This article presents research on students’ experiences of learning through a blend of face-to-face and online discussion. The participants in our study were students enrolled in a foreign policy course at a major Australian university. Students’ conceptions of learning through discussion, and their approaches to both face-to-face and online discussion, were elicited through open-ended questionnaires and semi-structured interviews. Students’ responses to both open-ended questionnaires and interviews were analysed using a phenomenographic framework. Qualitative variations in students’ conceptions and approaches were categorised and were found to form a hierarchy. Subsequent quantitative analysis found associations between students’ conceptions of learning through discussion, their approaches to both face-to-face and online discussion and their academic performance (as indicated by the final mark for the course). Implications for teaching and further research are discussed.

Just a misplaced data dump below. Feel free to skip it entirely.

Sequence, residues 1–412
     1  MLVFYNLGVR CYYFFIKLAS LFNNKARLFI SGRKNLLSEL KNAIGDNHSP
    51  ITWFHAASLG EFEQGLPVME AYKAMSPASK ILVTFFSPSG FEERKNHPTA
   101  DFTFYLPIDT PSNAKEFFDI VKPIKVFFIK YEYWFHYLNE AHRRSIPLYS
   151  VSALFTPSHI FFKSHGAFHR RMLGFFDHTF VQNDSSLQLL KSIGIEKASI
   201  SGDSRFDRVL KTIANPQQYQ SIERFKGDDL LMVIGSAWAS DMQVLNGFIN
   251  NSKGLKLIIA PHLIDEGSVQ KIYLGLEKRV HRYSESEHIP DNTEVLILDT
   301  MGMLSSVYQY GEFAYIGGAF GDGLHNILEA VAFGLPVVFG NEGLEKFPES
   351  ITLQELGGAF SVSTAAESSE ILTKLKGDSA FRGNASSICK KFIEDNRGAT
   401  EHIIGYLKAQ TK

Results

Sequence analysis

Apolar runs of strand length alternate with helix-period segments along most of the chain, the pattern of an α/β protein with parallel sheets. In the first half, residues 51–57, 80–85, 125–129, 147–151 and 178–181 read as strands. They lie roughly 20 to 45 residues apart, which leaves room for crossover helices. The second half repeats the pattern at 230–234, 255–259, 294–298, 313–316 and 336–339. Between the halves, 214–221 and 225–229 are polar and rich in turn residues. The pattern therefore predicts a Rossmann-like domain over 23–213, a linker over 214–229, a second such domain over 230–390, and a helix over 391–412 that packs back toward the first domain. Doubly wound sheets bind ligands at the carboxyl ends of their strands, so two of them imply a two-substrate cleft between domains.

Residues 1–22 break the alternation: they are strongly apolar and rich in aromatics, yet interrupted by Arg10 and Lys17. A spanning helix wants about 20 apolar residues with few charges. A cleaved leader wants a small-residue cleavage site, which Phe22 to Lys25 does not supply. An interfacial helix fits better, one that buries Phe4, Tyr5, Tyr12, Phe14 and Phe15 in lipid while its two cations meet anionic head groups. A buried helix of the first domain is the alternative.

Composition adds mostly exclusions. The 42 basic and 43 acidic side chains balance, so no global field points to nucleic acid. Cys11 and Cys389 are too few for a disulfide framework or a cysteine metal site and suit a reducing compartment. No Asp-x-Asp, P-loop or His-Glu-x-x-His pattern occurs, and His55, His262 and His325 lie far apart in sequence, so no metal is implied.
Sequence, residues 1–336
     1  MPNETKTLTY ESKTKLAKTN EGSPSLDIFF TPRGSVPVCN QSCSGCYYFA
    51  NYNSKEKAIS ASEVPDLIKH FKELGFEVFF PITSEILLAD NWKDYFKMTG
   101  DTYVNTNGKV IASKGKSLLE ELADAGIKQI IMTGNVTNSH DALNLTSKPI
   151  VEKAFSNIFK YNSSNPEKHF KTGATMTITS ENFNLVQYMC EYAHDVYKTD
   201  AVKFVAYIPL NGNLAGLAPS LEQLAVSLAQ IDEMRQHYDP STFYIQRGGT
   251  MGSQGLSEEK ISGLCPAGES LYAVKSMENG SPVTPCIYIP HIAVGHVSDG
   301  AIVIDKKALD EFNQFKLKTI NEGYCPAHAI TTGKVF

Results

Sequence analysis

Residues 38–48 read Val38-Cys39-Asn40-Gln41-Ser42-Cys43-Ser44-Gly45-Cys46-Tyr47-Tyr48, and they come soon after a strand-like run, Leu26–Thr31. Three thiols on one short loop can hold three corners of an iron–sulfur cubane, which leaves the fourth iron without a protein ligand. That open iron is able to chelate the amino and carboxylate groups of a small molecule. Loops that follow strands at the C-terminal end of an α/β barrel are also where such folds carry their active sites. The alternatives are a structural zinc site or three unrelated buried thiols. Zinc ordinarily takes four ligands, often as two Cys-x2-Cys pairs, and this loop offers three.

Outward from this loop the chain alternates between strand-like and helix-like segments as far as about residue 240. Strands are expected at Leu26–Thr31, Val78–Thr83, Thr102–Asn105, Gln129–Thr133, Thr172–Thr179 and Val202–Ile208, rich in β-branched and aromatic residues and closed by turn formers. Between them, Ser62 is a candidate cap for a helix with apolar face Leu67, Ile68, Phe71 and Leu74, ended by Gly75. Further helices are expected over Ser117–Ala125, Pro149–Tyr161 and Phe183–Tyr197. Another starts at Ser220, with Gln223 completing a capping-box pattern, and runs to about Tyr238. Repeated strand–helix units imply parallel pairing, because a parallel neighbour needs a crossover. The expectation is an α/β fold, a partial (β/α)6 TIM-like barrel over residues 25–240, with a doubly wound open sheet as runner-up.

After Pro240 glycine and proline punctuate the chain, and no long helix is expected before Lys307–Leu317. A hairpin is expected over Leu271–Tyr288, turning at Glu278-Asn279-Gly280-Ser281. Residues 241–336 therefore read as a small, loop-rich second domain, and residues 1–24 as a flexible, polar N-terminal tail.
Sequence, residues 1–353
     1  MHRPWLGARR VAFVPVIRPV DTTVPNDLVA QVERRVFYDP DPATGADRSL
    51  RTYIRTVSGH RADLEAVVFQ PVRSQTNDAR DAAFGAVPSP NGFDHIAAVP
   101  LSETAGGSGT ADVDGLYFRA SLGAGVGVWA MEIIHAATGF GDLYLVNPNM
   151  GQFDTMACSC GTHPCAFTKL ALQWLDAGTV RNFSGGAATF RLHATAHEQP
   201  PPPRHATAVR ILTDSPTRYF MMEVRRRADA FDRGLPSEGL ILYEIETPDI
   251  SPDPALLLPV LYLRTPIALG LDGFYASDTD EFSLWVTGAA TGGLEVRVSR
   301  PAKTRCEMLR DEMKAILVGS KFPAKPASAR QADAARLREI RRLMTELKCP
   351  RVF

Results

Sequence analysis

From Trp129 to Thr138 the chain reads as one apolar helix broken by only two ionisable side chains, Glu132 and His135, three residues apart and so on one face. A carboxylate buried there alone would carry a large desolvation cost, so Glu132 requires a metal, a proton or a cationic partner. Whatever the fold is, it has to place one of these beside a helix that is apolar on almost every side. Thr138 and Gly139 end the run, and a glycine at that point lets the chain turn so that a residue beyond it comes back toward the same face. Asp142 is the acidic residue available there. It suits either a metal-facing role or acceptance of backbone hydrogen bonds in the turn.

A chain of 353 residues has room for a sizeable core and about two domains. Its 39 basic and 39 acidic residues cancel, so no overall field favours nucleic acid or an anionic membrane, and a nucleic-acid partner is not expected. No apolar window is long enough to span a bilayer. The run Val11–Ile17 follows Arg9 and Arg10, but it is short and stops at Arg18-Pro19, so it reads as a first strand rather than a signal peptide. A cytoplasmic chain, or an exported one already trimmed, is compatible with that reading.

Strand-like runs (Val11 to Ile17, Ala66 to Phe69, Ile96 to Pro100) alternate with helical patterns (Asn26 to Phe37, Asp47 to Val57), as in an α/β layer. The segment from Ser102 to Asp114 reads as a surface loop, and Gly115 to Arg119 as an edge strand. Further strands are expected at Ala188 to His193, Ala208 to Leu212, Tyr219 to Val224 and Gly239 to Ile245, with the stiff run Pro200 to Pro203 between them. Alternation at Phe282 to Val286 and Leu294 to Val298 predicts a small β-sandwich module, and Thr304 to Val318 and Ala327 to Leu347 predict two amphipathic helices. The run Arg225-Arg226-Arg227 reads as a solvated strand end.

- Learning through discussion
- Blended learning
- Computer mediated communication
- Teaching/learning strategies
Bliuc, A-M., Ellis, R. A., Goodyear, P., & Piggott, L. (2011). A blended learning Approach to teaching foreign policy: Student experiences of learning through face-to-face and online discussion and their relationship to academic performance. Computers and Education, 56(3), 856-864. https://doi.org/10.1016/j.compedu.2010.10.027